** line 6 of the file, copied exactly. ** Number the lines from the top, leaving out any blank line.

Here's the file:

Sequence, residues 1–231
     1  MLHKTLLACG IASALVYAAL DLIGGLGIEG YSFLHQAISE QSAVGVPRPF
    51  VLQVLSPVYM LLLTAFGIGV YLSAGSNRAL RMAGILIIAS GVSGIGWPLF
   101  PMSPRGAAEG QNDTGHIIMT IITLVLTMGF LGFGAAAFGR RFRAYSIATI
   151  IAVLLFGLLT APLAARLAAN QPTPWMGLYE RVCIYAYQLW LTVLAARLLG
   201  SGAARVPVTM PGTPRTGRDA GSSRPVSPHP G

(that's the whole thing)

   201  SGAARVPVTM PGTPRTGRDA GSSRPVSPHP G